Three heads turned in terror toward the sound. “There!” Kenya gasped.

There was a crackling sound and a wail of fright. “Hang on, Matt! I’m coming!” Susannah shrieked, racing down the hill.

“What? What’s happening?” Mike shouted.

Kenya turned suddenly, realizing that Mike couldn’t see what she could. “Matt’s hanging by his hands from a really high tree branch! And the branch is breaking!” She tried to speak calmly, but her voice sounded high and strange. “Susannah’s there—but what can she do?”

There was another crackling sound. “Run for their mom!” Mike cried.

“No time!” Kenya was thinking fast. “Listen—his feet aren’t too terribly far from the ground. Maybe, if we all stand under him and try to catch him—can you trust me to go really fast?”

“Of course!” Mike stood up and held out his hand. “And let’s pray too!”

Kenya had never paid so much attention to her feet in her life. She tried to race over uneven ground, clinging to Mike and telling him of every bump. Meanwhile, they both kept gasping, “Please, Jesus, please, Jesus!” over and over.

It seemed like an hour but was really just moments before they skidded to a stop under the tree. Matt was crying, and Susannah was trying to comfort him and not cry too. The branch had dipped lower, but Matt’s feet were still yards above their heads. In a rush, Kenya explained her idea, and the three linked arms and stood directly under Matt.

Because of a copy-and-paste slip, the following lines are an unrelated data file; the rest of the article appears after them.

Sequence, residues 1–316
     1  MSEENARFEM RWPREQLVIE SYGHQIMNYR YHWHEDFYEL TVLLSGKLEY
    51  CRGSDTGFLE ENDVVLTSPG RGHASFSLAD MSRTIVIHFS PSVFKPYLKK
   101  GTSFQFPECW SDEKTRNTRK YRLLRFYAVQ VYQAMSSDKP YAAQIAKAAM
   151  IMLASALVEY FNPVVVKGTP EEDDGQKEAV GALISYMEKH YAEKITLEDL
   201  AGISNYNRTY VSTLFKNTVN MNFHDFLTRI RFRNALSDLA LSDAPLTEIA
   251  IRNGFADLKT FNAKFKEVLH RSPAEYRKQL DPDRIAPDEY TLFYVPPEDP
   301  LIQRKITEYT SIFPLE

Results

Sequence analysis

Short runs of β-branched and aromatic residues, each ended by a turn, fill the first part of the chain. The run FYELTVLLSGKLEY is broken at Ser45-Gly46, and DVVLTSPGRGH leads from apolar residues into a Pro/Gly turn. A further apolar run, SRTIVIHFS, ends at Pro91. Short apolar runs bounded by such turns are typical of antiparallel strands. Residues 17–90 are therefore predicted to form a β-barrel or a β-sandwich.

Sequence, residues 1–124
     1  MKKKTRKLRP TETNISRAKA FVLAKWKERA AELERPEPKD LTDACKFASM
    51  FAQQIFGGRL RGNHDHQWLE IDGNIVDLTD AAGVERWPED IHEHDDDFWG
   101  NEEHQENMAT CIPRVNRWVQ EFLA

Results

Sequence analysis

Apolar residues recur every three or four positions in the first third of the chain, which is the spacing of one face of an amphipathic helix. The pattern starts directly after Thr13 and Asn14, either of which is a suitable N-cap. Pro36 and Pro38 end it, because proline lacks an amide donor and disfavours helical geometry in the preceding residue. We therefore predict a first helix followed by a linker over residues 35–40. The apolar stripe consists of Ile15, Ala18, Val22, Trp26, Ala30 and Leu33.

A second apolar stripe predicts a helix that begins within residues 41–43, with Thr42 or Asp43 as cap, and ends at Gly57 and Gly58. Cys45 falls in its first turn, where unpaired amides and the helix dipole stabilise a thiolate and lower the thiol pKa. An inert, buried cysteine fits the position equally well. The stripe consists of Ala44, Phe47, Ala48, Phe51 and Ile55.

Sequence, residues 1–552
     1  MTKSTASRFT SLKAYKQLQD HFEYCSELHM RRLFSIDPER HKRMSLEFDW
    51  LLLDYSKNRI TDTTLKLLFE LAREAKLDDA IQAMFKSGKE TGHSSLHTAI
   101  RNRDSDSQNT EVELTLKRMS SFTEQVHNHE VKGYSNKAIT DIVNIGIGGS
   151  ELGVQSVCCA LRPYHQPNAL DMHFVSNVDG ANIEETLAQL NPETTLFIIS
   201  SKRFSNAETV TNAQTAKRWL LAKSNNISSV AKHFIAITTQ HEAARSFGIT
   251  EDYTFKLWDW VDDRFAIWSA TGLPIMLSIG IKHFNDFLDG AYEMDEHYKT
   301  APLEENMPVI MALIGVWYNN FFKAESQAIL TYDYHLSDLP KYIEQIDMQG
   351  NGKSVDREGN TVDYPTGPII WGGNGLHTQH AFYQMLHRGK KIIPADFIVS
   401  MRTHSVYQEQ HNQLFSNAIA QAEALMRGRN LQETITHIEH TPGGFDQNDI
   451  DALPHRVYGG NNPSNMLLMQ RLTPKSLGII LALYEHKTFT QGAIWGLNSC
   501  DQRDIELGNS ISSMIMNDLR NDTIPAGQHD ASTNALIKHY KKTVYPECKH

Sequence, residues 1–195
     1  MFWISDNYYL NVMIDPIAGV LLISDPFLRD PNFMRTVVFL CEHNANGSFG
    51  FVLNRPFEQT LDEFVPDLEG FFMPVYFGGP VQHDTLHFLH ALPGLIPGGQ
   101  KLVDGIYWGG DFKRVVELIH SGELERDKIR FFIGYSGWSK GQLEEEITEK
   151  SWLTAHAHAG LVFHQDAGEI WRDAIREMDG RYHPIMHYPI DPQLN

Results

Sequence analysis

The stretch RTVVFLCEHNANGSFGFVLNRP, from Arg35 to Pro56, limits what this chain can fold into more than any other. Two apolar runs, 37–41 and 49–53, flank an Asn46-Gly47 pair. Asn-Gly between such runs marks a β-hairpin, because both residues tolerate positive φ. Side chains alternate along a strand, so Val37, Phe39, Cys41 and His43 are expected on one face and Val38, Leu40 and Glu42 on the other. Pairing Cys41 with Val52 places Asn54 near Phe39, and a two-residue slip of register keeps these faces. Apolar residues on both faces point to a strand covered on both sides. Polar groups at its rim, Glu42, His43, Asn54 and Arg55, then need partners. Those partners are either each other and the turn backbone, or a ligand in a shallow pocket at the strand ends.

“Listen, Matt,” Susannah called in a wobbly voice. “You have to let go and drop. We can’t catch you, but we think we can break your fall.”

“No!” Matt wailed. “I’ll hurt you!”

“We’ll be OK. We might get bruised, that’s all,” Kenya said, trying to sound calm.

“Shut your eyes,” Mike called. “Pretend you’re blind, like me, and just have to trust your friends.”

“And Jesus,” Susannah added. “He’s here, and He knows we can’t leave you and go for a grown-up. He already kept the branch from breaking. It’ll be all right, Matt. On three, OK? One, two, three, now!

In a second, the kids were a tangle of arms and legs on the ground. There were definitely going to be bruises! “Out of the way!” Susannah yelled. “Here comes the branch!”

They managed to limp, hop, and roll away. The branch hit the ground with a crash, just missing them. For a second there was silence.

“I didn’t go near the construction site,” Matt said, sniffling.

Susannah giggled a little shakily. “No, you obeyed.”

“I climbed the tree to get a good picture. I thought it would be safer,” Matt explained. “Where’s my camera?”

“Under the branch, I think,” Susannah said. “But at least you’re not under it!”

“Thank You, Jesus!” Kenya whispered.

“Amen!” everyone chorused, and they helped each other up to limp home.

Related posts

Practice Makes Perfect

The teacher said, “We are going to start something very special today. Listen!” A flutelike instrument played a lively tune. Mike listened in delight.

Read More

Stuck-Up or Shy?

Two girls were whispering behind their hands about the new family. “Well, I think she looks stuck-up,” one said, looking sideways at the older girl who was walking down the hallway toward the earliteen class.

Read More

Forgiveness—Pass It On

Susannah May Farmer felt like an astronaut in a spacesuit. She had on warm clothes, a thick snowsuit, a scarf, and a hat. Now she was trying to bend over far enough to get her boots on, and it wasn’t easy.

Read More